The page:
It was going to be a quiet day, supposedly. The Dalminetti Mafia had left town to go to some big gang conference on Casinopolis Island, leaving behind all the guys who just didn’t want to go. Including himself, that left Alfie ‘the Businessman’ Cartwright, nicknamed due to his demeanour when it came to extorting money out of people (usually with the aid of a crowbar), and Milo ‘Fingers’ Malloy, so-called because he always had his fingers in someone else’s pocket. Joe absent-mindedly tapped his pocket to check that his wallet was still there.

The Dalminetti Mafia ran their business from their legitimate business front, the inspiringly-named Dalminetti Restaurant. It was a fully-functioning eatery with chefs and waiters, and if it wasn’t for the large backroom and upstairs area designed to seat around 30-40 mobsters at any one time it would be completely normal.

The cops knew where they operated from, but finding evidence to implicate anyone within the Dalminetti mafia was almost impossible. Joe liked to compare the situation to a coveted grail guarded by a rabid pit-bull. You can try your luck getting the grail, but chances are you’ll lose your balls in the process.

Joe didn’t like his job. While he sat at the table, he mulled over ways he could get out. He’d been looking for a way out for a couple of years now, but as with any criminal family the only way to leave involves the arrangement of an undertaker beforehand, preferably one with a shovel, a couple of lengths of wood, some nails and a hammer to hand.

Being a mobster was boring. Sure, the first five years or so had been a lot of fun. But after breaking a guy’s fingers for the fifty-sixth time due to a missed payment for ‘protection’, you start considering that maybe there is more to life than repeatedly slamming a desk drawer to the sound of painful wailing.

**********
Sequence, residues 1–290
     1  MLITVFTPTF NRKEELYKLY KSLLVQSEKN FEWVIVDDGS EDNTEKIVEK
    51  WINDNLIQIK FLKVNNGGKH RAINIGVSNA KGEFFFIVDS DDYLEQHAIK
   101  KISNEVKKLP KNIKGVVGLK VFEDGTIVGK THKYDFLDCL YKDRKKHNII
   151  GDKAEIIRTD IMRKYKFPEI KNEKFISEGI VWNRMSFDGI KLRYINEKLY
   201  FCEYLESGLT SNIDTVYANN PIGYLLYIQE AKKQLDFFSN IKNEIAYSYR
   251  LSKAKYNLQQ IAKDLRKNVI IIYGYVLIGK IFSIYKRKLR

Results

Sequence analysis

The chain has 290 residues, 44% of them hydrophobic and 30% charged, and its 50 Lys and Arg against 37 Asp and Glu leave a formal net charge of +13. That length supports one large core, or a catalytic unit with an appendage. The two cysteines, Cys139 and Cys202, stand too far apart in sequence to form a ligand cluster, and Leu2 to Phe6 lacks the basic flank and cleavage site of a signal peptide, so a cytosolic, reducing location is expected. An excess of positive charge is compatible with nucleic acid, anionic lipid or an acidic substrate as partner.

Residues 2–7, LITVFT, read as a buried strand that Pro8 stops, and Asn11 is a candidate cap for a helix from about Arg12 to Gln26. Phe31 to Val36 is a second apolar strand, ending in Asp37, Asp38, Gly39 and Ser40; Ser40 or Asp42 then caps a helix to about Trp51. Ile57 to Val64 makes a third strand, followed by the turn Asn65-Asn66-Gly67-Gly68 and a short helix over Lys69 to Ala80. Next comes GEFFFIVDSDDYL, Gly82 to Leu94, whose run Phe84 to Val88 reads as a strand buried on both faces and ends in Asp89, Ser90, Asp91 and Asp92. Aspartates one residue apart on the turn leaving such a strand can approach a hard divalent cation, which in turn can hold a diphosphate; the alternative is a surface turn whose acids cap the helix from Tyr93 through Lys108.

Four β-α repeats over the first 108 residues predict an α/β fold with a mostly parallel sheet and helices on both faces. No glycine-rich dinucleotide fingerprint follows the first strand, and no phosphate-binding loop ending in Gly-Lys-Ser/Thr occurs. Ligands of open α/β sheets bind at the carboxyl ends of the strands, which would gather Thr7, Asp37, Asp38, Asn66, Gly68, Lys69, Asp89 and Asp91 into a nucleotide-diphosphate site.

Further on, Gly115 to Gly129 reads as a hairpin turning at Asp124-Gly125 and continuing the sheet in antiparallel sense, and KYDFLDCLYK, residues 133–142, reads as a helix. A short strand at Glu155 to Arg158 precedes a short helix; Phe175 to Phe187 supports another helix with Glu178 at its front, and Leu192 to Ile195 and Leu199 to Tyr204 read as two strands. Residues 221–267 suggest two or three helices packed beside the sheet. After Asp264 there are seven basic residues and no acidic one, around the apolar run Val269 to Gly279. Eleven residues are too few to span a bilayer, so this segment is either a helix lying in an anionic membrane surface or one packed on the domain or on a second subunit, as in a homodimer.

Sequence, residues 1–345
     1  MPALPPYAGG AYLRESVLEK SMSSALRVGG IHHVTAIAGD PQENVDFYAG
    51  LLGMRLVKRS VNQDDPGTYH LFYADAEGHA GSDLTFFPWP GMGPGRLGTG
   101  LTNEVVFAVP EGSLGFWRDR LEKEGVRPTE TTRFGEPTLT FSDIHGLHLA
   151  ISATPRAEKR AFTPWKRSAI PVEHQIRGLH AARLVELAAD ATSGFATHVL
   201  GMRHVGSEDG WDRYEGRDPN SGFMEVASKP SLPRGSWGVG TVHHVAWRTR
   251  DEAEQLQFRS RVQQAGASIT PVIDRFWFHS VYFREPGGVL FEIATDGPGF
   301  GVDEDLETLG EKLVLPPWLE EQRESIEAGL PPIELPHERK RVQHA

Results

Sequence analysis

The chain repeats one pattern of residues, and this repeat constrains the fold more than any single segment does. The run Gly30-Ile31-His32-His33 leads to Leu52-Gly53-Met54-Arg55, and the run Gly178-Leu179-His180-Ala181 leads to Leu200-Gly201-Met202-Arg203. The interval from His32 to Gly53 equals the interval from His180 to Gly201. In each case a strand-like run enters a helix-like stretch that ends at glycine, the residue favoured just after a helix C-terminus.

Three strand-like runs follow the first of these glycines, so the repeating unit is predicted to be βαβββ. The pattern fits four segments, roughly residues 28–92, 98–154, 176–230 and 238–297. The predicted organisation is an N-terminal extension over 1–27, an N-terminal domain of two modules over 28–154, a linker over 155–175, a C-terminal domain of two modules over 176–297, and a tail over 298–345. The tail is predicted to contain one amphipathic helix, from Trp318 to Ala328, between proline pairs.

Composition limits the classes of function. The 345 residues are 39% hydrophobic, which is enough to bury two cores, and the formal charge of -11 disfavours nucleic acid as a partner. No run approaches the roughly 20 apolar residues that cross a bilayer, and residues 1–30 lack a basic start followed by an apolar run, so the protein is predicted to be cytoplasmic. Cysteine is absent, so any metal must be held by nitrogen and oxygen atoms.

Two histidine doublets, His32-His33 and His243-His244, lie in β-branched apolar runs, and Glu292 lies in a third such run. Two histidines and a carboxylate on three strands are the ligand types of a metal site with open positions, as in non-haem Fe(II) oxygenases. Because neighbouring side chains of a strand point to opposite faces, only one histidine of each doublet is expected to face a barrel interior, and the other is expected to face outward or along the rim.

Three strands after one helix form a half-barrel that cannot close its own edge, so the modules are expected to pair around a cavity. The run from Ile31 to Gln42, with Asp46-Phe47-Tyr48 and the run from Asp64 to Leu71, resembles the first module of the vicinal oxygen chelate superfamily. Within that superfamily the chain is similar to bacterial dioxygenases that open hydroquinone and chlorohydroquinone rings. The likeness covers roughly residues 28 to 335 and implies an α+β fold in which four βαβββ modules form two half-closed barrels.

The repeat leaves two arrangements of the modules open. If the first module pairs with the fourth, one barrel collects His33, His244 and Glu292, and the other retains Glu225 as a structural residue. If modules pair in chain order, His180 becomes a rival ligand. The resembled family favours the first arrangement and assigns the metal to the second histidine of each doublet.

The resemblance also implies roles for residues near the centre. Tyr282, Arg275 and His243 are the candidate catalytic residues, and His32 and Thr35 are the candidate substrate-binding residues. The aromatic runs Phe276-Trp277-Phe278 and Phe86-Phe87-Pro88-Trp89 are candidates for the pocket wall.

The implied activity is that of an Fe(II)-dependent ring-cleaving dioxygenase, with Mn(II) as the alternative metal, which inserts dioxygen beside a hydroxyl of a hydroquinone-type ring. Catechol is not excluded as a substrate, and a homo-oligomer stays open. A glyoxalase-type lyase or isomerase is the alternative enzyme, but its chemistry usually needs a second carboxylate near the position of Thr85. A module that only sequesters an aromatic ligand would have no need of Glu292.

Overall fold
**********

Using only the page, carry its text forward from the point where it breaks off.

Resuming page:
Conceding to defeat in his quest for a job exit, he ventured inside the empty restaurant, where Fingers was playing with a portable television in one of the corner seats.

“Whatcha trying to watch, Fingers?” Joe asked, leaning lazily against the bar across the room.

“I’m trying to get the game up. Got twenty big ones resting on the Galmanoc Raiders,” Fingers replied, fumbling with the switches on the front of the box. He smiled as the image of a football flashed on screen followed by advertisements.

“Who they playing?” Joe asked, clicking his fingers in boredom.

“City of Light Maulers,” came the blunt reply, followed by a grunt. “Bloody adverts. It’s all Salmanic Inc this and Silverton Salmanic that. I swear if I see another advert with that bionic-eyed ponce tellin’ us to buy his shit then I’m gonna go and steal something he might miss.”

“Like?” Joe inquired, amused.

“Dunno. Wallet, TV, teddy bear. Hell, I’d steal his car given half a chance.”

“What does he drive?”

“Dunno. But the guy’s loaded, so he must have a nice one.”

The conversation ended and the restaurant went silent except for the tinny voices on the small TV and the clanging sounds echoing from the kitchens. Joe stretched his arms before sitting down on a stool and crossing them on the bar, resting his head ready to go asleep.